Currently reading: She Has Her Mother’s Laugh and still working through So You Want to Talk About Race

 

Okay, apologies for my rather long absence, I just took an amazing vacation to the Pacific Northwest and spent a week hiking the Columbia River Gorge, Crater Lake, and the Redwoods. Highly recommend it. I did read while I was gone, of course, but I let myself continue on the path of reading let’s say… less stressful books.

First up, because I think it was my favorite of the bunch, Girl Waits With Gun by Amy Stewart. This is actually the first book in a series, so I’m looking forward to maybe reading the next few over the holidays. This novel is based on the true story of Constance Kopp, a thirty-something unmarried woman living out in the county in New Jersey with her two also unmarried sisters. Her quiet country life is interrupted when a local thug drives his automobile into the buggy she and her sisters are ridding in. Kopp tries to exact payment to repair the buggy, which incites the thug into a rage that propels the rest of the story as he terrorizes the family and Kopp suddenly finds herself learning to shoot a gun and taking part in sting operations with the local sheriff (“I got a revolver to protect us, and I soon had use for it.”). This book is a great time, and I BOUGHT IT AT POWELL’S! Yep, before I took off into the wilderness, I stopped at THE Powell’s and bought a few books. It was amazing, every book lover must go. I actually found a bunch of great independent book stores on my travels — Dudley’s Bookshop Café in Bend, OR was great and made great chai.

I also read Crazy Rich Asians by Kevin Kwan and The Bookshop of Yesterdays by Amy Meyerson. Both were kind of, I know this book is going to be escapist-y, and I’m fine with it. I enjoyed Crazy Rich Asians a lot, and reading the book definitely made me want to see the movie. It is a silly book, but the characters are well-drawn and the book is pretty hard to put down.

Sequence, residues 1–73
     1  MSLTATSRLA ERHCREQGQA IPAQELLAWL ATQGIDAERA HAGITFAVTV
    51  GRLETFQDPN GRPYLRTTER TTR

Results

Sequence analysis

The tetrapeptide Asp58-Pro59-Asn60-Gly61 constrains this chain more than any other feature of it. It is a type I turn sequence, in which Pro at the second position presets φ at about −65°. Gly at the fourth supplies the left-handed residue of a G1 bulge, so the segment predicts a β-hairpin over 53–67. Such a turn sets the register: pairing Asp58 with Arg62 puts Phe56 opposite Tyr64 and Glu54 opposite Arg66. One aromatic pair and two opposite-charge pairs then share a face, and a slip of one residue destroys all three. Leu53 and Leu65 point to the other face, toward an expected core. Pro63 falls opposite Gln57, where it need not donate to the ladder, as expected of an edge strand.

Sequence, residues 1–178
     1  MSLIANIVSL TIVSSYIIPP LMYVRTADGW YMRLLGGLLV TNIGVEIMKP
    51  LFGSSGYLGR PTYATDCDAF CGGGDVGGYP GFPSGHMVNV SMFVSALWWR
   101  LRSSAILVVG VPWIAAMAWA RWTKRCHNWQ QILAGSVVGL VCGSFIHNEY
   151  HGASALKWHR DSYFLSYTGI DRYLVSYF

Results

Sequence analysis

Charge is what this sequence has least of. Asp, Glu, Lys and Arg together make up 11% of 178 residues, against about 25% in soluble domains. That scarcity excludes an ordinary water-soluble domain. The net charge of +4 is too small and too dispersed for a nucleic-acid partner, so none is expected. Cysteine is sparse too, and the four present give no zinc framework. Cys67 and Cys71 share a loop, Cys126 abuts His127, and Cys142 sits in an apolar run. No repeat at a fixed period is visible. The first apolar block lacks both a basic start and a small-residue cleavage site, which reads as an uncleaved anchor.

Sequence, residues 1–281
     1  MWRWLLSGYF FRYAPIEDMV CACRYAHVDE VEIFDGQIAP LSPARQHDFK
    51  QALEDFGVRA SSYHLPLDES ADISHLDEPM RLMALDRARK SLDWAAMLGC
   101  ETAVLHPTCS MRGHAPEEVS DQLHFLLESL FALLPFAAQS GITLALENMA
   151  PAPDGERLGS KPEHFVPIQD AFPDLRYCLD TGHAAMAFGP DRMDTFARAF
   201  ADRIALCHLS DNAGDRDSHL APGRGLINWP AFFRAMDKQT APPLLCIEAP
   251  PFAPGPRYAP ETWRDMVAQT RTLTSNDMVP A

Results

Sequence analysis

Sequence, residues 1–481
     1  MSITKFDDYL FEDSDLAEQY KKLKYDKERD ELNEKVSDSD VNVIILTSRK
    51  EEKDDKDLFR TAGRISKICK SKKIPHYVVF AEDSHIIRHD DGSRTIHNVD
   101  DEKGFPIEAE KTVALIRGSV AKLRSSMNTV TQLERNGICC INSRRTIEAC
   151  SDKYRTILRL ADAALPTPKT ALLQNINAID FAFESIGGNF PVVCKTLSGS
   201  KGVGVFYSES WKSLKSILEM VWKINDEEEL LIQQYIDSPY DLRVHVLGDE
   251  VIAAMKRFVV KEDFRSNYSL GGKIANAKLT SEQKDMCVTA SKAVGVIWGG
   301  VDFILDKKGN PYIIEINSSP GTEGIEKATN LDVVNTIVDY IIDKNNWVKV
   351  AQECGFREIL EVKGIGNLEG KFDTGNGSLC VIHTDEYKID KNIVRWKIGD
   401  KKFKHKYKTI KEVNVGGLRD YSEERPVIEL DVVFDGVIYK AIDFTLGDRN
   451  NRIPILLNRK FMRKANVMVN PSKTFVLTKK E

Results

The Bookshop of Yesterdays is about 28 year old Miranda who inherits a bookstore when her uncle dies. Somehow, this does not fill her with joy. Although, in her defense, the bookstore isn’t doing that well. But um, if anyone wants to leave me a bookstore, I will have NO angst about leaving my current job to go and run a bookstore. Much of the book involves Miranda figuring out a scavenger hunt left to her by her uncle, which turns out to be leading her towards understanding family secrets. Many of the clues are quotes from books (books which are in the bookstore and then have the next clue), I particularly liked the one from Fear of Flying by Erica Jong (so now I’m sort of debating reading that):

Whatever happened, I knew I would survive it. I knew above all, that I’d go on working. Surviving meant being born over and over. It wasn’t easy and it was always painful. But there wasn’t any other choice except death.

I’ve felt many things similar to this in the past year, so I’m pretty such the context is different in Fear of Flying, but I related. The good days are when I feel like I can survive anything. Anyway, this is not an amazing book, but it is a fun book if you like books and bookstores.

Currently reading: Circe and still working on a lot of other things…